1st Sergeant Mark Matthews died of pneumonia on September 6, 2005, at the age of 111.  The last of the Buffalo Soldiers was buried with honors, at Arlington National Cemetery, section 69, grave #4215.

The rank of General of the Armies is equivalent to that of a six-star general, the highest possible operational rank in the United States Armed Forces.  The rank has been held only twice in all American history, once awarded posthumously to George Washington, and once to an active-duty officer, John J. Pershing.

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1st Sgt. Mark Matthews, the last of the Buffalo Soldiers

Then-1st Lieutenant Pershing served with the Buffalo Soldiers from October 1895 to May 1897 plus another six months in Cuba, and came to respect soldiers of African ancestry as “real soldiers” in every way.

As West Point instructor beginning in 1897, Pershing was looked down upon and insulted by white cadets and officers, aggrieved over Pershing’s strict and unyielding disciplinary policies.  The press sanitized the favorite insult to “Black Jack”. The name they called the man, was uglier still.

During WW1, General Pershing bowed to the segregationist policies of President Woodrow Wilson and Secretary of War Newton Baker.

It seems that John Joseph Pershing understood what the northeast academic and the Ohio politician had yet to learn, a principle that the Reverend Martin Luther King Jr. would spell out, some fifty years later

“We must learn to live together as brothers, or perish together as fools”. 

If you enjoyed this “Today in History”, please feel free to re-blog, “like” & share on social media, so that others may find and enjoy it too. Please click the “follow” button on the right, to receive email updates on new articles.  Thank you for your interest, in the history we all share.

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January 8, 1945 The Sub that Bagged a Train

So ended the only ground combat operation of WW2, on the soil of the Japanese homeland. And so it is, that an American submarine came to count a Medal of Honor and a Japanese locomotive, among its battle honors.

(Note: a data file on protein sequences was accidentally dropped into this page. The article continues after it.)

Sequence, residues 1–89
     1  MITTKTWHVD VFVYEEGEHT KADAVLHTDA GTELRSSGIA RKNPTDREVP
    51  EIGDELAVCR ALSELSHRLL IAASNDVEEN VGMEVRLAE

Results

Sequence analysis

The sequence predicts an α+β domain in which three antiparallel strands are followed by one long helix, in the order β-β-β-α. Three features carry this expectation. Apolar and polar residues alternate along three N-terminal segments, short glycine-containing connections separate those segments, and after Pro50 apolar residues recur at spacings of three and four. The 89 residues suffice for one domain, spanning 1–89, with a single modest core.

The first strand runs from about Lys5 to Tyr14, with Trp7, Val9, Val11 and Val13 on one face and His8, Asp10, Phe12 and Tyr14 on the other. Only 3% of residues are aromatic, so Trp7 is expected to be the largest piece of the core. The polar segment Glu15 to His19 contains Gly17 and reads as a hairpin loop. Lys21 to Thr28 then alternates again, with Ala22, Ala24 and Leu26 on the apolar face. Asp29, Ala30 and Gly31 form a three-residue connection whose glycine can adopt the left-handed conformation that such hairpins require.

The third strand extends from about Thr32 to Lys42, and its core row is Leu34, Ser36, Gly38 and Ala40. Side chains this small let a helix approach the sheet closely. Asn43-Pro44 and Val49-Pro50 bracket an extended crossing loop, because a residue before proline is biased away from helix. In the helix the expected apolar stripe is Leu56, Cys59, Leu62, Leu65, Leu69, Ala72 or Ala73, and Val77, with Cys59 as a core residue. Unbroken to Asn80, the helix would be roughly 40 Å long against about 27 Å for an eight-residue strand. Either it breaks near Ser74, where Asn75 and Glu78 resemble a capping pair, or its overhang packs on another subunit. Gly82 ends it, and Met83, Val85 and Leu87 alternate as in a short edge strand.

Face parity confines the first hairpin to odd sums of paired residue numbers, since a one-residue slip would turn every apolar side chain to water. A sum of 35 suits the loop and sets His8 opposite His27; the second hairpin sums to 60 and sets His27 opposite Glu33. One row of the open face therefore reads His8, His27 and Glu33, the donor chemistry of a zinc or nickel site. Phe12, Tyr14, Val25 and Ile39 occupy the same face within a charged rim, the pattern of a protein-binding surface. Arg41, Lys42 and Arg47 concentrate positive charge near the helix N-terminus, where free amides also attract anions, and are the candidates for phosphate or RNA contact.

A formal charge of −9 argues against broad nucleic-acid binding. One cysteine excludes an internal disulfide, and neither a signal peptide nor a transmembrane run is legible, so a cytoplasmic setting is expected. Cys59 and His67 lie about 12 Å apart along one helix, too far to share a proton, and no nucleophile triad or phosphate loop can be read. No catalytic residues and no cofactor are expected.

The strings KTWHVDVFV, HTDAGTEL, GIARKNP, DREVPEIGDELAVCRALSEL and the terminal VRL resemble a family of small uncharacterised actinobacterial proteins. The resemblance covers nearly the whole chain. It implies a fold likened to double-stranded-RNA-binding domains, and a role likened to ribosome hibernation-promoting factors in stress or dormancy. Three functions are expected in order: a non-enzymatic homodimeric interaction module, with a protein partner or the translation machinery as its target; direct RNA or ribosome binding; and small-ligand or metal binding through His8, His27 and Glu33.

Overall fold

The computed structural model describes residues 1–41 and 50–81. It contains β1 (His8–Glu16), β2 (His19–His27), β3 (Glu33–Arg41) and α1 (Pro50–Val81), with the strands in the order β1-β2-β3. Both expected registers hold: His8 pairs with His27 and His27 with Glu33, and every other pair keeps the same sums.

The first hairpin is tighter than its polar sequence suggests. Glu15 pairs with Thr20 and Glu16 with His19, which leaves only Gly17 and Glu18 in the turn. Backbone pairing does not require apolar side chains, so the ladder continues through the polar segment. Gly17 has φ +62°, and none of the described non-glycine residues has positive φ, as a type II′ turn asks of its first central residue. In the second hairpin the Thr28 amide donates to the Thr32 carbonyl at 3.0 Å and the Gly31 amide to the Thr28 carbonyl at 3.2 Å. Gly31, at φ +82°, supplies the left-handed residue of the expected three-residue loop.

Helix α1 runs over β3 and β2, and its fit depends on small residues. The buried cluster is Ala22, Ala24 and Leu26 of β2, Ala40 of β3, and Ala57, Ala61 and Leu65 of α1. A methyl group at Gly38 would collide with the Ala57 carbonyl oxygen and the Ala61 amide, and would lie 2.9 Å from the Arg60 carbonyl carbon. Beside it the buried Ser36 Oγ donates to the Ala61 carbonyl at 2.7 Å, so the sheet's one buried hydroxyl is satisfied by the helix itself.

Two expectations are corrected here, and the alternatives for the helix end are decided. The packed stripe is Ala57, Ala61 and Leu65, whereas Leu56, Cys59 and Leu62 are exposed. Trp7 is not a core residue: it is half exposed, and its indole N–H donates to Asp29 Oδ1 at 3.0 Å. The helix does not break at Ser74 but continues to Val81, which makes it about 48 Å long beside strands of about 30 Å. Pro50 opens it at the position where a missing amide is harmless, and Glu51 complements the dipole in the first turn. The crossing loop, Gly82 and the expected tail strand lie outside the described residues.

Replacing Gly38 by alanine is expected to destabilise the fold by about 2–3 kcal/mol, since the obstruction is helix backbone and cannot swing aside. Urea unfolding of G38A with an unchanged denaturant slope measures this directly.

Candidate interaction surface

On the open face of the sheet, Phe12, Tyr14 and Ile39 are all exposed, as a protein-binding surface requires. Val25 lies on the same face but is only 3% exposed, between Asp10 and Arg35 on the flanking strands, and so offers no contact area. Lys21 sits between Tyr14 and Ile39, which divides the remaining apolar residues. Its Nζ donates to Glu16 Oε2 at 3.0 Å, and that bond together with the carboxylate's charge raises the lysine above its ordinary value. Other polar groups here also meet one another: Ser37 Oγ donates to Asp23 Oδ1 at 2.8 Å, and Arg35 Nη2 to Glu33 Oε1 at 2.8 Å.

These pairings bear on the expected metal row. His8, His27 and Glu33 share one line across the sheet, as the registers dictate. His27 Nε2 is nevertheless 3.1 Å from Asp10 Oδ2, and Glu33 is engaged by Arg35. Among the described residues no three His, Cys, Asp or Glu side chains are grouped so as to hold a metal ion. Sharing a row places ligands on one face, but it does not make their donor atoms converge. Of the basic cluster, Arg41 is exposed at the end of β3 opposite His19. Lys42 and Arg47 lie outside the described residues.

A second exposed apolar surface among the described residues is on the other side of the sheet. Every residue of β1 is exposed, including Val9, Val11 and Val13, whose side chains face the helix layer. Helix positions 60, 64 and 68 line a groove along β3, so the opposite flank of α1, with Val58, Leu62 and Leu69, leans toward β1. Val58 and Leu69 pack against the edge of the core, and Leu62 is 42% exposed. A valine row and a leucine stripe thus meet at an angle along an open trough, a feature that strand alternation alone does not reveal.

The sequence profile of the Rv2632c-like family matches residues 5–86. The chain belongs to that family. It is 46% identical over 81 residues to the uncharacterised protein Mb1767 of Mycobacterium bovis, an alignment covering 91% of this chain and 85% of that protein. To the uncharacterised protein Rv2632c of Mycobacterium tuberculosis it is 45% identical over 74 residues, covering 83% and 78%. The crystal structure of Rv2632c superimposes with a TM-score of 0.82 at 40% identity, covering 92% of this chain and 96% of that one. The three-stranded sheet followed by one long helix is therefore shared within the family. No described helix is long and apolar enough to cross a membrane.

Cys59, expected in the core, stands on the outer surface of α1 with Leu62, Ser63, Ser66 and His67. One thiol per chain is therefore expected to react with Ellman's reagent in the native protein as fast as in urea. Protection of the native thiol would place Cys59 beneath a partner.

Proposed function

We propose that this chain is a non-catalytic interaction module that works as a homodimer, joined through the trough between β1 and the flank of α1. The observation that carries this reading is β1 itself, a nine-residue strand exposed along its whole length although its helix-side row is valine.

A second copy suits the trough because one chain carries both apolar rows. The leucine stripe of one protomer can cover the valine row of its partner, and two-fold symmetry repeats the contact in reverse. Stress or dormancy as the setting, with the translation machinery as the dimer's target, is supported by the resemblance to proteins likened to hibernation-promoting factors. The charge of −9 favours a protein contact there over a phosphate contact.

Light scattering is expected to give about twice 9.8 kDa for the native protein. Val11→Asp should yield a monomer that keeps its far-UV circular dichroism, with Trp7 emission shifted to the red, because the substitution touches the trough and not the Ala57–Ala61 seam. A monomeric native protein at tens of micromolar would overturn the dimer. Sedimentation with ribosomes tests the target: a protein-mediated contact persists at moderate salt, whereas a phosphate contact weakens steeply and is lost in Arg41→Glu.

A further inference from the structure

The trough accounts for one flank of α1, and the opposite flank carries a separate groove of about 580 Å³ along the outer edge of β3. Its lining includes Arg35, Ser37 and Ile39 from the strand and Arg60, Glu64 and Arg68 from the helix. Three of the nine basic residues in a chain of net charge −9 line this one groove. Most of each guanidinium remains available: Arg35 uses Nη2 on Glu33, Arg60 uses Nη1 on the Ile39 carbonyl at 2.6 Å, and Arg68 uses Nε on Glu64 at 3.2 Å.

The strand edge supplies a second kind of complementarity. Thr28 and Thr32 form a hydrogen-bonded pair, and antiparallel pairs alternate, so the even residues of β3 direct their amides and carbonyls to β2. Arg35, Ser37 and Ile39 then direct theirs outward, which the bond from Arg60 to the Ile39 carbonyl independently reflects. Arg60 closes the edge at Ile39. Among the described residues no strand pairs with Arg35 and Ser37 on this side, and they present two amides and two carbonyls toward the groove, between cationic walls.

In the early phase of WW2, the traditional role of the American submarine service was to search, identify and report enemy activity to surface ships. Customary tactics emphasized stealth over offense, preferring to submerge and lie in wait over the surface attack.

Small wonder. The Mark XIV torpedo, the primary anti-ship submarine-launched torpedo of WW2, was literally a scandal. Not only was torpedo production woefully inadequate to the needs of the war in the Pacific, but stingy pre-war budgets had precluded live-fire testing of the thing.

mk14torpedoAmong the Mark-XIV’s more pronounced deficiencies was a tendency to run about 10-ft. too deep, causing it to miss with depressing regularity. The magnetic exploder often caused premature firing of the warhead, and the contact exploder frequently failed altogether. There must be no worse sound to a submariner, than the metallic ‘clink’ of a dud torpedo bouncing off an enemy hull.

Worse still, these things tended to ‘run circular’, meaning that they’d return to strike the firing vessel.

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USS Barb (SS-220) underway in May, 1945

On July 24, 1943, Lawrence “Dan” Daspit commanding USS Tinosa (SS-283) attacked the 19,000-ton whale factory ship Tonan Maru III. Tinosa fired fifteen torpedoes with two stopping dead in the water and the other thirteen striking their target. Not one of them exploded. Thinking that he had a bad production run, Daspit kept his last torpedo for later inspection. Nothing out of the ordinary, was found.

Commander Eugene “Lucky” Fluckey didn’t subscribe to the conventional wisdom. WW2 vintage submarines were designed for speed on the surface, and USS Barb (SS-220) was capable of 21 knots.  Equivalent to 24mph on land. Under Commander Fluckey, Barb was for all intents and purposes, a fast-attack surface craft.

BarbperiscopeSam Moses, writing for historynet’s “Hell and High Water,” writes, “In five war patrols between May 1944 and August 1945, the 1,500-ton Barb sank twenty-nine ships and destroyed numerous factories using shore bombardment and rockets launched from the foredeck”.

In January 1945, the Barb, USS Picuda (SS-382), and the USS Queenfish (SS-393) were ordered to the China Sea, blocking the Formosa Strait to Japanese shipping.